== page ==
Student: I’m not there yet.

Dr. Craig: When mathematicians talk about an actual infinite, as I say, they don’t mean what you just said – that this is some kind of finite thing or contradiction. It means that the collection is complete, it is not growing toward infinity as a limit. There is a real infinite number of things in that collection. That is the force of the word “actual.”

Student: And that is a contradiction in terms.

Dr. Craig: Well, that is very interesting. Is it? I am going to speak to that in a minute. If you follow the rules and the conventions laid down by set theory, you won’t run into any contradictions. It isn’t logically contradictory if you follow the rules and obey the axioms and conventions. But there is the rub. I will say something about that in a minute.

Student: So you are saying you can add it and multiply it, but you can’t reverse it?

Dr. Craig: Yes.

Student: I’m not sure I follow how you can add it, multiply it, but then you can’t reverse the process back to the original. You can you can add and multiply actual infinity, but you couldn't divide it or subtract it. So you can’t reverse it. I don’t understand how you can’t go back to the original.

Dr. Craig: You can’t mathematically. The difficulty is, I think, that if this is something that really exists (like it is a bunch of eggs or coins or people), you could! I think that illustrates what we are saying. While this works on paper (if you obey the rules), there is no reason to think that those sort of rules hold in reality, and you are going to get into difficulties. I have yet to illustrate these.


It is very frequently alleged that al-Ghazali’s sort of argument is invalidated by modern mathematics. In modern set theory, as I’ve said, the use of actually infinite sets is commonplace. The number of members in the set of the natural numbers is actually infinite, not just potentially infinite. Many people have inferred that given the coherence of infinite set theory in mathematics that this sort of argument is just a non-starter.

But is that really the case? Modern set theory shows that if you adopt certain axioms and rules, then you can talk about actually infinite collections in a consistent way, without contradicting yourself, as I said in response to an earlier question. All this does is succeed in setting up a certain universe of discourse for talking consistently about actual infinites. But it does absolutely nothing to show that such mathematical entities really exist or that an actually infinite number of things can really exist. If Ghazali is right, this universe of discourse may be regarded simply as a fictional realm, rather like the world of Sherlock Holmes in the Arthur Conan Doyle novels, not something that exists in the real world.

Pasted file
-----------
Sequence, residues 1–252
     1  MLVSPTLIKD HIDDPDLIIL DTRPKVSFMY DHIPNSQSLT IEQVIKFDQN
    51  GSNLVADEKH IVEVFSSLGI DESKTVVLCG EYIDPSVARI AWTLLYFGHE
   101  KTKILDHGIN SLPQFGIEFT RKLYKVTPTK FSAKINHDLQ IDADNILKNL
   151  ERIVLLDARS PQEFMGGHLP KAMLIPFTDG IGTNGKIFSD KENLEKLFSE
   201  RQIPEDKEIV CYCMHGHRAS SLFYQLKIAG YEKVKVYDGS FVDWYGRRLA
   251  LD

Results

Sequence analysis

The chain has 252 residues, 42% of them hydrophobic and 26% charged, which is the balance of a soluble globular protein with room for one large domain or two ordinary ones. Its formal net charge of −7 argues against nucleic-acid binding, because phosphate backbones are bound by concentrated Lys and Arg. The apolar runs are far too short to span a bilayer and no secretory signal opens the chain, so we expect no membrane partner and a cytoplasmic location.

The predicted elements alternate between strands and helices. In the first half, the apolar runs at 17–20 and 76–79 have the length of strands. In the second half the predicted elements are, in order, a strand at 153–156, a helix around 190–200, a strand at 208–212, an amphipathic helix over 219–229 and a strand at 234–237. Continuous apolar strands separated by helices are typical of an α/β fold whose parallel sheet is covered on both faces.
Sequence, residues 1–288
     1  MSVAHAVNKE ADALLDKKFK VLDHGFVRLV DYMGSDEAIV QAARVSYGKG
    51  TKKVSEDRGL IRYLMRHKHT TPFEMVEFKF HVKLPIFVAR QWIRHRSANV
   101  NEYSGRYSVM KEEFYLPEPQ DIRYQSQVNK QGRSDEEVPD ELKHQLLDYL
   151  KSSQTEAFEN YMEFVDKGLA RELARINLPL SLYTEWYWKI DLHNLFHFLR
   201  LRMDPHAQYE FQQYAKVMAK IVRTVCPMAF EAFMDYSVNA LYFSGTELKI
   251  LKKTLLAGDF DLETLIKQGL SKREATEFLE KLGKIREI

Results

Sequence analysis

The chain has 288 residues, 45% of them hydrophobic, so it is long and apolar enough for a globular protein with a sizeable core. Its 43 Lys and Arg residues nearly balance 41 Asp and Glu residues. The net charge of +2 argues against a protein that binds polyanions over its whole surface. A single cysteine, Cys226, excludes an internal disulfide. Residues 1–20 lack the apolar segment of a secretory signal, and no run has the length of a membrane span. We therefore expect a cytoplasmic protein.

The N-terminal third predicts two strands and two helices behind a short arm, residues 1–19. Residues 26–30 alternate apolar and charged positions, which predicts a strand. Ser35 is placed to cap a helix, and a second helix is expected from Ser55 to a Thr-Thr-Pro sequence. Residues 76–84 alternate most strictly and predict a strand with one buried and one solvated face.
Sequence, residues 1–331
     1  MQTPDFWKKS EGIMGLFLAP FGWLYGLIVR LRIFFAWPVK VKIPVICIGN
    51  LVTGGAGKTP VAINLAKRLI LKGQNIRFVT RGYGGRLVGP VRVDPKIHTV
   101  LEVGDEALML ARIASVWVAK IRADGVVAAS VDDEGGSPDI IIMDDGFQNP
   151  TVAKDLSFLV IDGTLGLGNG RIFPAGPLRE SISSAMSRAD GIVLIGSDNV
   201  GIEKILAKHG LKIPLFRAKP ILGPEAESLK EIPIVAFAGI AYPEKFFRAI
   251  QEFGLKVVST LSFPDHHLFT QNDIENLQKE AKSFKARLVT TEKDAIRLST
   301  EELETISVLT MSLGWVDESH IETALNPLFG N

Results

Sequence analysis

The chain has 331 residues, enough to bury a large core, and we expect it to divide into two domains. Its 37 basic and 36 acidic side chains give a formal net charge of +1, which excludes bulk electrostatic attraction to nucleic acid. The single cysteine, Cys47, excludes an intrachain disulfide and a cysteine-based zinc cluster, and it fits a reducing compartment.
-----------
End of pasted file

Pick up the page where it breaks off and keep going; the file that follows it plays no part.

Student: Couldn’t you also criticize the criticism by applying Gödel’s Incompleteness Theorem – in any mathematical system, you are going to assume something is true in order for it to work, and you can’t prove the assumption is true?

Dr. Craig: I don’t think that that is relevant to the concern that we are raising here. I think it would mean you couldn’t prove the consistency of infinite set theory, but we are not trying to do that. So I don’t think that that result is pertinent to the question that we are raising here.[4]

Student: The adding and multiplying of the alephs is possible because they are both infinite. But taking from it would obviously make it a part of an infinite, which doesn’t exist, which proves the point that having every odd number equals the same amount of every other number also can’t exist, so no actual infinity actually exists, except for possibly God. The only infinity – the real infinity that never had a beginning and never has an end – that always counts as infinity is just God. Is that right?

Dr. Craig: You raised a number of questions there. The reason that you can’t do these inverse operations in transfinite arithmetic is because you get self-contradictory results. Let me give an example. Suppose you take the natural numbers and you subtract all the odd numbers. How many numbers are left over? All the even numbers, right? So infinity minus infinity is infinity. But suppose instead you subtract from the natural numbers all the numbers greater than 2. Now how many are left over? Well, 3! So infinity minus infinity is 3. In fact, you can get any answer to infinity minus infinity from zero to infinity. As I say, there is no well defined result for the equation infinity minus infinity equals blank. You can get any answer from zero to infinity. You get self-contradictory answers. So these operations are simply prohibited to the mathematician.

With respect to God, people will often ask this question: “But isn’t God infinite?” Here I think it is very important to understand that the infinity of God is not a quantitative concept. God is not a mathematical quantity. The infinity of God is not the infinity of a collection that is made up of an infinite number of definite and discrete parts. When theologians talk about God as infinite, it is more, as it were, a qualitative infinite, not a quantitative infinite. That is to say, God is omnipotent, omniscient, morally perfect, eternal, necessary, all-loving. Those aren’t quantitative concepts. Indeed, in a sense there isn’t any separate attribute of God called “infinity.” It is kind of just an umbrella term for all of his superlative attributes. If you were to take away in your mind omniscience, omnipotence, eternity, necessity, holiness, there wouldn’t be any attribute left over called “infinity.” That is just an umbrella term for all those superlative attributes that God possesses. So we shouldn’t think of God’s infinity as a quantitative concept. He doesn’t involve an actually infinite number of definite and discrete pieces that go to make up his being.